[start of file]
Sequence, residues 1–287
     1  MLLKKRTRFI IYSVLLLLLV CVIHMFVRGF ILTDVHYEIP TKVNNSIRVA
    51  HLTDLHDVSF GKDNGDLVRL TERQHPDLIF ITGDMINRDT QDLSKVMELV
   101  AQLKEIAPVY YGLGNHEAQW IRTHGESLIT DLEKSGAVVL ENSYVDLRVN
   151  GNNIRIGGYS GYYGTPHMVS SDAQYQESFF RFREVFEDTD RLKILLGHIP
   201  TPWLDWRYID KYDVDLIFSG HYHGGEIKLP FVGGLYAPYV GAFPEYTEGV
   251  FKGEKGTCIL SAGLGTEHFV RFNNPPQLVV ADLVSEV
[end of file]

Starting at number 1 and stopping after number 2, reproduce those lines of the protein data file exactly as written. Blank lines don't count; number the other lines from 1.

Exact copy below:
Sequence, residues 1–287
     1  MLLKKRTRFI IYSVLLLLLV CVIHMFVRGF ILTDVHYEIP TKVNNSIRVA